In his Guardian review, Michael Billington wrote, “Susan Hampshire brilliantly turns the gossiping Lady Markby into an unquenchable social gusher.” Paul Taylor, in the Independent continued the compliments, “Susan Hampshire is an absolute delight as Lady Markby, wittering away about modern manias in an hilarious tour de force of empty-headed high society prattling.”
My two-minute conversation with Susan included mutual admiration for each other’s artistic prowess, as she happily signed this character drawing I did of her.
Autographed drawing of Frances Barber in An Ideal Husband at the Vaudeville Theatre on London’s West End
One of Britain’s finest actresses Frances Barber continues her impressive and comprehensive theatre repertoire as the blackmailing Mrs Laura Cheveley in the Classic Spring Company’s Oscar Wilde Season production of AN IDEAL HUSBAND at London’s Vaudeville Theatre.
Nominated for two Olivier Awards-CAMILLE (1985) and UNCLE VANYA (1997), Frances plays the femme fatale –”bitingly witty, famously well dressed, cruel, ambitious and above all, duplicitous” and repeatedly described throughout the play as the product of ‘horrid combinations’. She returns from Vienna as a ‘ghost from the past’ to expose and blackmail the much-admired politician Sir Robert Chiltern.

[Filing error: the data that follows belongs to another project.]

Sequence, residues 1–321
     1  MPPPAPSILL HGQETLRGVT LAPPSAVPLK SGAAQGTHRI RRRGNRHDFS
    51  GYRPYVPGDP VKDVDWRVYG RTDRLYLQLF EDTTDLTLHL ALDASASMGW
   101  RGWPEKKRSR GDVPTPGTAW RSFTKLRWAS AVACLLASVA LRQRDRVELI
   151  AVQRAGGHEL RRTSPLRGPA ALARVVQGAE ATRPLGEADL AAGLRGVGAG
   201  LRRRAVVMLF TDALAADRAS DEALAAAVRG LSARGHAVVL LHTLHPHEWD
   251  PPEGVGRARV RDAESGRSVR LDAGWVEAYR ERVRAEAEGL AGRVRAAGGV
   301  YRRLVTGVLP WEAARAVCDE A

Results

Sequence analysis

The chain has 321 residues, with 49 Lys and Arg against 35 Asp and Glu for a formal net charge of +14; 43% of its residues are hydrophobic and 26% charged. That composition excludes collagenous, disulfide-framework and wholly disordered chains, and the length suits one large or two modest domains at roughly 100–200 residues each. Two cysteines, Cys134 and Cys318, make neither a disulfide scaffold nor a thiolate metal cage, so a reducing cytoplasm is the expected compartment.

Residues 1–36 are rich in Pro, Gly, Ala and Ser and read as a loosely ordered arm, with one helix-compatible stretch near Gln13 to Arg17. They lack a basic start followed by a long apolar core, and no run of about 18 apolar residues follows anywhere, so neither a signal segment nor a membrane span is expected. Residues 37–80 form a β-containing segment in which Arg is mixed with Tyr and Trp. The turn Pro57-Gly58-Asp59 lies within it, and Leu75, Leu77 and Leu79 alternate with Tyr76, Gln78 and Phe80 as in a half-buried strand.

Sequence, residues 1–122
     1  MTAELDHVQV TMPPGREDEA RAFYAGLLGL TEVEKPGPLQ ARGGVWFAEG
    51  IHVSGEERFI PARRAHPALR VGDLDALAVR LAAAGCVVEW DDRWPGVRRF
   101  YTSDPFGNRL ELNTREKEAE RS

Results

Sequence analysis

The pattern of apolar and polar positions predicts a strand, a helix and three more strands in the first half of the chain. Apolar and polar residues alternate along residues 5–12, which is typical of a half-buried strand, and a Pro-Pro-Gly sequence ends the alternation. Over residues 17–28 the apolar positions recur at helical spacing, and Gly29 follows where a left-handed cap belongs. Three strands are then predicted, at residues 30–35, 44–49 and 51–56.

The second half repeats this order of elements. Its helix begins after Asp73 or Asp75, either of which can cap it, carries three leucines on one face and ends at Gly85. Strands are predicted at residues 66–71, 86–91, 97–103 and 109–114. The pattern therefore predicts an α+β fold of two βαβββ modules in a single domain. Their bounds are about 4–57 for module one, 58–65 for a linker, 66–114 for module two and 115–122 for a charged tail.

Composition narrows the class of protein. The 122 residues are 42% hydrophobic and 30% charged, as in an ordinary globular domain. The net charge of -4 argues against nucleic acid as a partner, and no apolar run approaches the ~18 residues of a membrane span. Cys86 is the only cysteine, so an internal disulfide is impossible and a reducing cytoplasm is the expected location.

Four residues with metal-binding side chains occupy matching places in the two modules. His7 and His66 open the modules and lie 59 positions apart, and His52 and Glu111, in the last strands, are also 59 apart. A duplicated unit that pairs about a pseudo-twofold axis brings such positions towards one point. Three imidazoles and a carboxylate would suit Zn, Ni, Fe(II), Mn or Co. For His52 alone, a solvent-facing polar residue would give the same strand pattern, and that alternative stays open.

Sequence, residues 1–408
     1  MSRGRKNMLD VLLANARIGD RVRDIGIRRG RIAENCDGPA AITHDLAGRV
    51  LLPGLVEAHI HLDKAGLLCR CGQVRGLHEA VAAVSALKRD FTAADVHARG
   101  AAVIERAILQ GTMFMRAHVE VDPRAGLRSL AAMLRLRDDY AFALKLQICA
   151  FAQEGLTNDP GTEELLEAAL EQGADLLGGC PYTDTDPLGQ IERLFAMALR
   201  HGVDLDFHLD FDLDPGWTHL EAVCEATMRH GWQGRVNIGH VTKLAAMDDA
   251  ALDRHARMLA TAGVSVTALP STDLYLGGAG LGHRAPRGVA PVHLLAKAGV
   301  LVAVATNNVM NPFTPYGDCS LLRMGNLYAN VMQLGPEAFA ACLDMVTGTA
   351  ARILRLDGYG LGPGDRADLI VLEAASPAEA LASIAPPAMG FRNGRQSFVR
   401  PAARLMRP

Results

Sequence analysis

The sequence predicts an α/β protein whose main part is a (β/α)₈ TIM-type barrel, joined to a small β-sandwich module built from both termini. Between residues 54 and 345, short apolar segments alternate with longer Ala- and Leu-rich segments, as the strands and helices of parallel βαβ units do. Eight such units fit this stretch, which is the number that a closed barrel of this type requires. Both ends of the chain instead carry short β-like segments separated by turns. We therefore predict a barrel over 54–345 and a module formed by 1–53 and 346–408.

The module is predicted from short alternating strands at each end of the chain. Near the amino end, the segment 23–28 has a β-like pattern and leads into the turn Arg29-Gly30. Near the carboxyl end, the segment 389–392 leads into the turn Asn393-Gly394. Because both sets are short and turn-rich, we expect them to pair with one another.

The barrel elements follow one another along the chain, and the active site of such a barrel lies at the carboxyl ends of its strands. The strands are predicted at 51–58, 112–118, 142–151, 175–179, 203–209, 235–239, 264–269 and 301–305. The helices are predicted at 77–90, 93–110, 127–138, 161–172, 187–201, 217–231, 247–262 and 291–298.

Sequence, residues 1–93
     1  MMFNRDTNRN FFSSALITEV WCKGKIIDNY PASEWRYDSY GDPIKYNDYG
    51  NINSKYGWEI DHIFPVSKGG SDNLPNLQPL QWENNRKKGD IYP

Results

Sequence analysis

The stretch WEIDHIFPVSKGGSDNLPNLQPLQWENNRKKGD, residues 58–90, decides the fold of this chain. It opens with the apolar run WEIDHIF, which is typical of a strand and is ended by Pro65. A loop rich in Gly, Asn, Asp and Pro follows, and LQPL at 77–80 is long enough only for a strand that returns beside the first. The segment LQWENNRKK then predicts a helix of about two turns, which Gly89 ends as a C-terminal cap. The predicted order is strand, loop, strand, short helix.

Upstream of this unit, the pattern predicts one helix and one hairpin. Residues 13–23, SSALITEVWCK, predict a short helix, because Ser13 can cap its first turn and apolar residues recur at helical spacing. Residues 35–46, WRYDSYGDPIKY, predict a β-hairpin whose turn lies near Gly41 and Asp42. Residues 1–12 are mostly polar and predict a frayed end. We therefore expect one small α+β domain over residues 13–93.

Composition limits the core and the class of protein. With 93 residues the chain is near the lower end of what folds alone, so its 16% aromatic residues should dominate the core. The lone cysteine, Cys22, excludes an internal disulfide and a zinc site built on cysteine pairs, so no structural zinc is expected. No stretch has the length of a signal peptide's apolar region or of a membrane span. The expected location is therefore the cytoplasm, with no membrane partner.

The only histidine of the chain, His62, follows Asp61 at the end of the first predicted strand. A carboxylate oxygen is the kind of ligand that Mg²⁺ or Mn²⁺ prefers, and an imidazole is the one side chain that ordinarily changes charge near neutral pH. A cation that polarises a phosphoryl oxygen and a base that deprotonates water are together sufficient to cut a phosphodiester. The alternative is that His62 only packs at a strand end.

Frances signed my sketch last week at the stage door.
English actress Sally Bretton has returned to the London stage as the ‘too virtuous to be true’ Lady Chiltern in Oscar Wilde’s AN IDEAL HUSBAND, the penultimate production in Dominic Dromgoole’s year-long Wilde season at the Vaudeville Theatre.
Last seen as Goneril in KING LEAR at Shakespeare’s Globe a decade ago, Sally plays the adoring wife who believes she has found the ‘ideal husband’ in the upright and incorruptible politician Sir Robert Chiltern. But he harbours a dark secret.